List of DEG transcripts between CK60 vs San Chi San associated with validated QTL confidence intervals detected using RNA-seq

Gene id (v1.4)

Chr

Start

logFC

Annotation

Sb01g032720

1

55,657,279

4.48

senescence-related gene 1

Sb01g032990

1

56,004,806

−6.49

3beta-hydroxysteroid-dehydrogenase/decarboxylase isoform 2

Sb01g033010

1

56,047,918

9.15

UB-like protease 1A

Sb01g033090

1

56,202,769

4.51

Mannose-binding lectin superfamily protein

Sb01g033360

1

56,595,053

−5.01

acetoacetyl-CoA thiolase 2

Sb01g033510

1

56,844,396

−3.37

RING/U-box superfamily protein

Sb01g035040

1

58,570,198

3.77

annexin 3

Sb01g035710

1

59,334,810

8.66

F-box/RNI-like/FBD-like domains-containing protein

Sb01g035910

1

59,529,076

9.33

glutathione S-transferase THETA 3

Sb01g036330

1

59,936,853

−2.75

Ribosomal protein L16p/L10e family protein

Sb01g037560

1

61,109,734

3.98

Mitochondrial import inner membrane translocase subunit Tim17/Tim22/Tim23 family protein

Sb01g037730

1

61,307,485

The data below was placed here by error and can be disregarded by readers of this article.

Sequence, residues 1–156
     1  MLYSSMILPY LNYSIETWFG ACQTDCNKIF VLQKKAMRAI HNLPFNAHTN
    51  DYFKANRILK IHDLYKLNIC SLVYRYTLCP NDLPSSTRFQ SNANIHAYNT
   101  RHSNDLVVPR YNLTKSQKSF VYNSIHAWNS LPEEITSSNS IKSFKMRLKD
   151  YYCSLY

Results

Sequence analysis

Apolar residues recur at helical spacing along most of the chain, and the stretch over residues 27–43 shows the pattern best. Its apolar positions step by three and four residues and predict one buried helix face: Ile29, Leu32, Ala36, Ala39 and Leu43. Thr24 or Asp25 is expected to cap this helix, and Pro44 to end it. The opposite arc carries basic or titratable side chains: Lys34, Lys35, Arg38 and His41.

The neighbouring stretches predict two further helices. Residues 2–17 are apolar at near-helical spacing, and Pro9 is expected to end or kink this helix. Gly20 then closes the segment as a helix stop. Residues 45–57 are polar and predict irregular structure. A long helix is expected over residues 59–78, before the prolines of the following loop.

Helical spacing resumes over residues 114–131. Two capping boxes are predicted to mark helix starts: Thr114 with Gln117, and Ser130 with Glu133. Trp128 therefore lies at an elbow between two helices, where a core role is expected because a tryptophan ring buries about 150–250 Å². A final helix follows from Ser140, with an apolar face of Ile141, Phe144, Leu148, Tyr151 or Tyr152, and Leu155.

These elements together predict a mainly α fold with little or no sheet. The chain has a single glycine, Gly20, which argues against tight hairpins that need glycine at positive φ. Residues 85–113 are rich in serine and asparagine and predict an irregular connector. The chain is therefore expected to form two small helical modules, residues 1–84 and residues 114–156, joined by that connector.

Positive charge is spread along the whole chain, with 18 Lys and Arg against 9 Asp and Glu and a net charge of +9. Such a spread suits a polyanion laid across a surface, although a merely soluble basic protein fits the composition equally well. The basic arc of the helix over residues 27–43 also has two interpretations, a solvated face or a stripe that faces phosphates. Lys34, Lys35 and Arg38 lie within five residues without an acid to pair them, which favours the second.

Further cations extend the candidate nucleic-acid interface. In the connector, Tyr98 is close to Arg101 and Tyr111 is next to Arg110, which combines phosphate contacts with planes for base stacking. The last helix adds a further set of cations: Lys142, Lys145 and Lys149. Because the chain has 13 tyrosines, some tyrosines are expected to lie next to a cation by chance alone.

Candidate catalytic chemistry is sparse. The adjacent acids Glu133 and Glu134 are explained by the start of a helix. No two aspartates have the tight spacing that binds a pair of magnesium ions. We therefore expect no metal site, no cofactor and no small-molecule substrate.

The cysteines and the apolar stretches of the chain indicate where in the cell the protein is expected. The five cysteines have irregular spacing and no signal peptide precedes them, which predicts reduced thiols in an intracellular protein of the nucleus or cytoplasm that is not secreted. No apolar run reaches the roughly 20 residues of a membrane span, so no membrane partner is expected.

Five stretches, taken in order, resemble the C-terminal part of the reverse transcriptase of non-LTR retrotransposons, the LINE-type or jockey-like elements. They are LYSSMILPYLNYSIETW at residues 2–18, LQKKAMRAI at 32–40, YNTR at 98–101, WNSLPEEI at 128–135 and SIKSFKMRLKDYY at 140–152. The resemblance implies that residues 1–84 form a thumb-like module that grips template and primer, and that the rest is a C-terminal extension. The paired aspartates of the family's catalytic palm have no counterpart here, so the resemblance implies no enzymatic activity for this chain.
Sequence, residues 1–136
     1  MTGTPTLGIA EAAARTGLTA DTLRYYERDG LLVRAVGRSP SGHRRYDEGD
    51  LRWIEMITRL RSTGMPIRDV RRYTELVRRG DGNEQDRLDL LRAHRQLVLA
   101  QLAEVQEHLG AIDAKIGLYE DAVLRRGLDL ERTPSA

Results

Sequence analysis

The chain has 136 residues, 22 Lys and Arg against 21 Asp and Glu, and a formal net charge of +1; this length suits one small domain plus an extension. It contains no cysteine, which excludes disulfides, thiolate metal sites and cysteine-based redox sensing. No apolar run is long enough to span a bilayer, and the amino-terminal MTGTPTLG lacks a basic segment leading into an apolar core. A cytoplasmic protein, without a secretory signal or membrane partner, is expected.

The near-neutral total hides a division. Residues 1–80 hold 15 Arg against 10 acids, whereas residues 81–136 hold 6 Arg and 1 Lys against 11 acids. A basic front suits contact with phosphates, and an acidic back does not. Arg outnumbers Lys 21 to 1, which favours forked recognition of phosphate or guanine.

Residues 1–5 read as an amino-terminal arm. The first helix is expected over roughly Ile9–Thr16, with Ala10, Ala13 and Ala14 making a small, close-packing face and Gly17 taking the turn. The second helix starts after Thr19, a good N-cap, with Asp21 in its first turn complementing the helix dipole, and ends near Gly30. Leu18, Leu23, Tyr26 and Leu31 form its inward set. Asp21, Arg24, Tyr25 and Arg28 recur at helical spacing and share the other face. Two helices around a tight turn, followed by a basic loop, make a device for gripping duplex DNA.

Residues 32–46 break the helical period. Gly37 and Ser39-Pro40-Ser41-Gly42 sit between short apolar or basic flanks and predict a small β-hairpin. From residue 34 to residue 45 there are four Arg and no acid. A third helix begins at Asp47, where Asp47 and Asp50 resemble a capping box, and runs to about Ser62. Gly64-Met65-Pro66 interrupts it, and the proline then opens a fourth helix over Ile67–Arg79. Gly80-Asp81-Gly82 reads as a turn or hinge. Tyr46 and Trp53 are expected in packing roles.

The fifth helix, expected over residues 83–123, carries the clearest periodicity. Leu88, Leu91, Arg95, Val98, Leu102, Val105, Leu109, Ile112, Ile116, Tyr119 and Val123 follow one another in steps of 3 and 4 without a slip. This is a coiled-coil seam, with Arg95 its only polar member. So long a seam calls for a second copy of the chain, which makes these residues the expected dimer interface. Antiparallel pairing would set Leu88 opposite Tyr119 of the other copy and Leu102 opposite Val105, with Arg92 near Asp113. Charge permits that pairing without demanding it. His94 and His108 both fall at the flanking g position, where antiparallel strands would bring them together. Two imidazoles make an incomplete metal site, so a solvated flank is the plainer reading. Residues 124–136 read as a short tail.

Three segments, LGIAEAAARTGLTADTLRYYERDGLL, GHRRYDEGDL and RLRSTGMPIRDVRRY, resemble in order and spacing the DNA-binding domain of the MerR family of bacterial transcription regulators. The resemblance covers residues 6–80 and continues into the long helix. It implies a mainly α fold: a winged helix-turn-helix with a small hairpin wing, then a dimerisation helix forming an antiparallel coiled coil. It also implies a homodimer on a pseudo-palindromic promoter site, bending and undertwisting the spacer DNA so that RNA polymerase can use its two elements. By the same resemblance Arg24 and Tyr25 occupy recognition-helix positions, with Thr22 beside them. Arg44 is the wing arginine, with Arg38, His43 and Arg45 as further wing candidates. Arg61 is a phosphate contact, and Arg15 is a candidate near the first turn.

−2.94

 

Sb01g037940

1

61,514,738

7.80

PYR1-like 6

Sb01g038720

1

62,214,256

−7.04

lysine histidine transporter 1

Sb01g039370

1

62,800,020

5.56

Ankyrin repeat family protein

Sb01g039390

1

62,807,357

−6.51

heat shock cognate protein 70-1

Sb01g041180

1

64,497,962

−5.30

heat shock protein 21

Sb06g014250

6

39,313,831

4.94

multidrug resistance-associated protein 9

Sb06g014400

6

39,867,816

−4.42

heat shock protein 70

Sb06g014450

6

39,970,615

3.70

FAD-binding Berberine family protein

Sb06g014550

6

40,216,040

3.34

senescence-related gene 1

Sb06g015520

6

43,082,617

8.33

B-block binding subunit of TFIIIC

Sb06g016020

6

44,422,691

2.67

 

Sb06g016043

6

44,460,095

7.30

mediator subunit 8

Sb06g016160

6

44,576,681

2.55

seed storage 2S albumin superfamily protein

Sb06g016570

6

45,400,235

10.55

tetraspanin3

Sb07g021940

7

56,219,220

3.00

PEP1 receptor 1

Sb07g022320

7

56,757,993

5.98